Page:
Conjurer 16 Posted November 5 (edited) Herman Minkowski was one of Einsteins professors at the university where he graduated from. After Einstein developed his special theory of relativity, Herman Minkowski proposed a new idea to him in order to describe spacetime, since the time dilation equation received a lot of attention in his paper On the Electrodynamics of Moving Bodies. He proposed a rather simple idea about how to create a framework of a coordinate plane which could obey the rules of relativity, and it would have to replace a normal coordinate plane in which time dilation wouldn't show up. He started out by saying that all distances in the coordinate plane should be calculated by multiplying the speed of light, times time. Where the speed of light is "c" and time is represented by "t". Then a distance (d) would be equal to the speed of light, times time, d=ct. This brought about a problem called the light clock example, where they tried to solve for time dilation in this new coordinate plane. A problem started where the only solution anyone could obtain for the problem was t'=t/sqrt(1-(v^2)/(c^2)). This started to become a problem, because this was not the same equation that Einstein developed in his paper On the Electrodynamics of Moving Bodies, which was t'=t sqrt(1-(v^2)/(c^2)). No one was able to solve this problem for over 100 years, since the theory came out. It then became commonly accepted to use both equations, since they both ended up coming out with approximately the same answer when the light clock equation was considered to be the change in time, and the equation from the original paper was considered to be the proper time. Then I have come up with the correct solution or proof that the proper time can be obtained in Minkowski Space, so a mathematical framework can exist which considers spacetime as a type of aether in a mathematical construct. The problem with the light clock proof when applying to Minkowski Spacetime is that the time variables were not assigned correctly. Then the equation doesn't need to be considered as being in Hertz of a tick of a clock. By doing this, the proof could then be calculated using Pythagorean's Theorem, even though the two objects are not connected bodies forming a right triangle. (ct')^2+(vt)^2=(ct)^2 c^2t'^2+v^2t^2=c^2t^2 c^2t'^2=c^2t^2-v^2t^2 c^2t'^2=c^2t^2(1-(v^2)/(c^2)) t'^2=t^2(1-(v^2)/(c^2)) t'=t sqrt(1-(v^2)/(c^2)) Then the value for the equation comes out to the accurate equation that has been shown to be the correct answer which has been found in repeated experiments. Then relativistic problems can be done mathematically assuming that there is an aether or fabric of spacetime which obeys the rules of the Special Theory of Relativity. Spacetime would have to be an actual physical object in this instance, because it assumes that there is a physical mechanism which allows two completely independent objects to be related to each other via Pythagorean's Theorem, which is the same as a physical limitation put on triangles that have sides which must always make physical contact with each other in way that is governed by this rule. It assumes there is also a lattice in a higher dimension, because they are related by a square. Then squaring an equation puts it into more dimensions. This dimension is not seen by the observer in the light clock example. In the same way there are a number of squares on each side of a triangle that add up to the number of squares on the hypotenuse, it is assuming that there is a lattice with a number of squares in a higher dimension that adds up to the other sides of an unconnected object through the speed of light limitation. This lattice then connects all observers, so that no other object can travel at a different relative speed to that of light. Then the speed of light remains constant to all observers. Edited November 5 by Conjurer 0 Share this post Link to post Share on other sites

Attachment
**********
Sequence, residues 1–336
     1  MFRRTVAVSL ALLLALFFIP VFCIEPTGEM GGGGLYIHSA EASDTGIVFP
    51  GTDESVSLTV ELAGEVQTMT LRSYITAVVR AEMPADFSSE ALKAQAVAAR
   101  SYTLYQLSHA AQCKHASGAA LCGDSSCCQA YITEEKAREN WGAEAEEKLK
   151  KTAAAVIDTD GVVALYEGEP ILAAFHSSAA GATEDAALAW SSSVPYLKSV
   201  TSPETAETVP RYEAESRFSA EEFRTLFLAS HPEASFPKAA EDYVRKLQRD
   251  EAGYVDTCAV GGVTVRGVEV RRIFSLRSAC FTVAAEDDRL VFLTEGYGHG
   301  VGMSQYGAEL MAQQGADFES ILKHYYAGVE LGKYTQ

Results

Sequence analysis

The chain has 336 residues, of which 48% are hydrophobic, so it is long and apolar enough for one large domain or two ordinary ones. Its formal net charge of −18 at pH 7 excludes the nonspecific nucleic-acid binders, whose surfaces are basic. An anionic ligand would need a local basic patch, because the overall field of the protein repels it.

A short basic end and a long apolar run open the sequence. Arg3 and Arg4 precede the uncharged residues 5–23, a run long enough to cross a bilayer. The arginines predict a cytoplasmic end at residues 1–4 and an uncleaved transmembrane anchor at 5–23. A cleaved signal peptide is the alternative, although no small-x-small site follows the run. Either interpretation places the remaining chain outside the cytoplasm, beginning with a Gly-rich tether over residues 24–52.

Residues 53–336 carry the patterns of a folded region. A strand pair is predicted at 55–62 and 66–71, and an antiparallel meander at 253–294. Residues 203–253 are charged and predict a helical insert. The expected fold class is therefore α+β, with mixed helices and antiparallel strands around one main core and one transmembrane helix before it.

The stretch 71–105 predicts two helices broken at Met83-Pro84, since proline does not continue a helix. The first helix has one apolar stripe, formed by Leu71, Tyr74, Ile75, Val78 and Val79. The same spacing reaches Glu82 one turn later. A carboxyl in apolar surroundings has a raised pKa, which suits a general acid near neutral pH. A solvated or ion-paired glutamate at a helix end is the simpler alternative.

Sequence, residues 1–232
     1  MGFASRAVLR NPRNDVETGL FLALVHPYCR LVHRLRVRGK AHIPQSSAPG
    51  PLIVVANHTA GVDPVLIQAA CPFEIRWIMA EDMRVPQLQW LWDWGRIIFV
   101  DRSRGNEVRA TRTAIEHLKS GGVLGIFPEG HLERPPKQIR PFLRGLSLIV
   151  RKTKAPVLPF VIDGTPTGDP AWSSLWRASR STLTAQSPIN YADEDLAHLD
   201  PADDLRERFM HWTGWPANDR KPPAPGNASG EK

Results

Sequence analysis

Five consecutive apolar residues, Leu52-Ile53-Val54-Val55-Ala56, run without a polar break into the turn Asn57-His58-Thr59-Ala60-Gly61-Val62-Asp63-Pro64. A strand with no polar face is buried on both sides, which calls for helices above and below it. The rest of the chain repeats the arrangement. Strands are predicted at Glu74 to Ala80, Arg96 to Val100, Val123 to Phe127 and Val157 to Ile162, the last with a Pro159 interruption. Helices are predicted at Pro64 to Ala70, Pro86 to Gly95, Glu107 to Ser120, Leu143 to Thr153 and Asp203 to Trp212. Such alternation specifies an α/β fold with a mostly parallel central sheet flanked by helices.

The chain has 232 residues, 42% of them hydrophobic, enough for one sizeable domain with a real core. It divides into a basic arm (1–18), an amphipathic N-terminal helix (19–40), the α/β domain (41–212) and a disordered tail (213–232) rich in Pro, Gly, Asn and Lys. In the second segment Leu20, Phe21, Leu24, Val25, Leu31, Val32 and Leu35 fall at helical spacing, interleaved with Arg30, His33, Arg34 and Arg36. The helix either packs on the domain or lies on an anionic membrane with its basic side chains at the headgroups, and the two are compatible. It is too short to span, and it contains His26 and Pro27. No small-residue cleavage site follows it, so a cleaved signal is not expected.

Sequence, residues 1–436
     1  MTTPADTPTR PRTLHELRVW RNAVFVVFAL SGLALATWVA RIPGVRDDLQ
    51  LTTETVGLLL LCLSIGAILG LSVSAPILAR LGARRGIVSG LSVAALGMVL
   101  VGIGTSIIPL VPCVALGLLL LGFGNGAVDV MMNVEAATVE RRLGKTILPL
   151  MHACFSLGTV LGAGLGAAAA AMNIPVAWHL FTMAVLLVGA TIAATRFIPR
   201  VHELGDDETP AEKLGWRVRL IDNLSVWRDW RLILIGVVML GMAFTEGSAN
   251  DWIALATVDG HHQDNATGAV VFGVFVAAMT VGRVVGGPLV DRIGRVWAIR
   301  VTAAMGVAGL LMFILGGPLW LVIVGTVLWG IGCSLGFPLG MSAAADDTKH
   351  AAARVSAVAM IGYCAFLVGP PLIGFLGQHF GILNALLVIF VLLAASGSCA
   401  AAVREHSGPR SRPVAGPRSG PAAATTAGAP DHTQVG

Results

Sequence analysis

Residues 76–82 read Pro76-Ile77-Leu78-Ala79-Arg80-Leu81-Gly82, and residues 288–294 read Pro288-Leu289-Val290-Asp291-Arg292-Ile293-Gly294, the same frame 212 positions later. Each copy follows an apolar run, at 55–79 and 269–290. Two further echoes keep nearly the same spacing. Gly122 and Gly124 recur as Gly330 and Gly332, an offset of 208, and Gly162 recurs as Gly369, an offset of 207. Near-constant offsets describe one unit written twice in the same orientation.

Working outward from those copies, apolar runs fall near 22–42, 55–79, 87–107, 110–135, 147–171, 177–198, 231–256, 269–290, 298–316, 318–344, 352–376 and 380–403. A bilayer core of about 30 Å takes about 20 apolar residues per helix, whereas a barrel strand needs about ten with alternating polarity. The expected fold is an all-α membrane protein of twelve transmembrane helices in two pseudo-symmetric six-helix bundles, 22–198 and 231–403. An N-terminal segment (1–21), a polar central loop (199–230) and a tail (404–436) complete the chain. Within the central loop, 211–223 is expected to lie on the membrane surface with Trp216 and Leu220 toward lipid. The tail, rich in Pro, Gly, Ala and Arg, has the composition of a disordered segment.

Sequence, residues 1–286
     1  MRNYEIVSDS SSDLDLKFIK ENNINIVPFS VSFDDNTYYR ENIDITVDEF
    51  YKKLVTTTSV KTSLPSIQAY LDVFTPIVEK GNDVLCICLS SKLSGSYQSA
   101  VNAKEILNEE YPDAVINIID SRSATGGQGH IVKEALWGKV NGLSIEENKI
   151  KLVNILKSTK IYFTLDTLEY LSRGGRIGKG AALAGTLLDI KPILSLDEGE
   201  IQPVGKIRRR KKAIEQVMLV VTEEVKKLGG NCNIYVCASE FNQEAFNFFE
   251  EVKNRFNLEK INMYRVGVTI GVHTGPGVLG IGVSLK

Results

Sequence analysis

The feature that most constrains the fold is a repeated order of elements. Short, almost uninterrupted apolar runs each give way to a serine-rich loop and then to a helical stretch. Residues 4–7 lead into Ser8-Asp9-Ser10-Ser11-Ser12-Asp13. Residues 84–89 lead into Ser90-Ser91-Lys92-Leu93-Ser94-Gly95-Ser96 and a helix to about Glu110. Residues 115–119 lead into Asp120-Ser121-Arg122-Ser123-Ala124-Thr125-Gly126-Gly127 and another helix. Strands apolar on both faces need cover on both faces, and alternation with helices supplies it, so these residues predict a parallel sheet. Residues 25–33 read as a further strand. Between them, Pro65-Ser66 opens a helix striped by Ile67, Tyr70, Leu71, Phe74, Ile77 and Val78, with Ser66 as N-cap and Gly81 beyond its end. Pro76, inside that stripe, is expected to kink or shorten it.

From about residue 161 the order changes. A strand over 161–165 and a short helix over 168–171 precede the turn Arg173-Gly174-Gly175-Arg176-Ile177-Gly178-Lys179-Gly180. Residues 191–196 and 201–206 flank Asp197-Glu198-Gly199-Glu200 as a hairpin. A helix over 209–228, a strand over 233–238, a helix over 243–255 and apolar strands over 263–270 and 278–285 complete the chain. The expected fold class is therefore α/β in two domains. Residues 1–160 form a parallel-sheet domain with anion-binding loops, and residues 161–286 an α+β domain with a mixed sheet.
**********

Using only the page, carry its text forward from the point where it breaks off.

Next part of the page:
studiot 1471 Posted November 5 (edited) It is indeed a little tricky to get the right variables in the right place for the moving light clock and then to transpose the results into a transformation formula between systems. But this was done a long time ago so there is no problem with the maths and no aether is required. The reciprocal relation between the square root factors comes directly from the comparison between time and distance calculation in both the stationary (call it A) and moving system (call it B). The time estimates are [math]\frac{{2l}}{{\sqrt {{c^2} - {v^2}} }}[/math] according to A and [math]\frac{{2l}}{{\sqrt {{c^2}} }}[/math] according to B When you divide one by the other you will recover the fact that A sees the time recorded by B a lengthened by the correct factor . Edited November 5 by studiot 0 Share this post Link to post Share on other sites

Strange 3257 Posted November 5 And no extra dimensions are required, either. 0 Share this post Link to post Share on other sites

Conjurer 16 Posted November 6 17 hours ago, studiot said: But this was done a long time ago so there is no problem with the maths and no aether is required. The older solutions took a lot more steps. I am not even sure how they originally got to the correct solution, because it was too rigorous to be explained anywhere. This is the quickest solution to get to it in such few of steps. Then it requires a relativistic aether like Minkowski's spacetime in order to get to the solution in this few of steps. Since all distances are measured with the speed of light in relation to their dilated time, the Minkowski spacetime would have to actually warp to maintain the correct values like physical rubber bands all connected together. It is expressing it as a physical framework, instead as only an observational difference. 18 hours ago, studiot said: When you divide one by the other you will recover the fact that A sees the time recorded by B a lengthened by the correct factor . How do you figure? The 2l would just cancel out. Where did you even get a 2 from? 18 hours ago, Strange said: And no extra dimensions are required, either. Working in Minkowski spacetime is essential to the work in most mainstream theories dealing with higher dimensions about the universe as a whole. It has proven to be just as accurate as any other type of relativistic theory. It is also the simplest way to define it. 0 Share this post Link to post Share on other sites